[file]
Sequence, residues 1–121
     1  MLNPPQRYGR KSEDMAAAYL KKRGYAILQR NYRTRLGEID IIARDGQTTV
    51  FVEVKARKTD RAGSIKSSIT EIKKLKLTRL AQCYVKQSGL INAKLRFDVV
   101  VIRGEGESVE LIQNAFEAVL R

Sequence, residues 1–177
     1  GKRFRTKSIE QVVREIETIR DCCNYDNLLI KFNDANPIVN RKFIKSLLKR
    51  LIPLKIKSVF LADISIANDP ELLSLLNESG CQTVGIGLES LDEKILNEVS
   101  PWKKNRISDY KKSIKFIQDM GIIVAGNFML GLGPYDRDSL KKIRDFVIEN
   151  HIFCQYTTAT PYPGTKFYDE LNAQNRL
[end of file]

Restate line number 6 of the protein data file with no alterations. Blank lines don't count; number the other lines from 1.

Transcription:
     1  GKRFRTKSIE QVVREIETIR DCCNYDNLLI KFNDANPIVN RKFIKSLLKR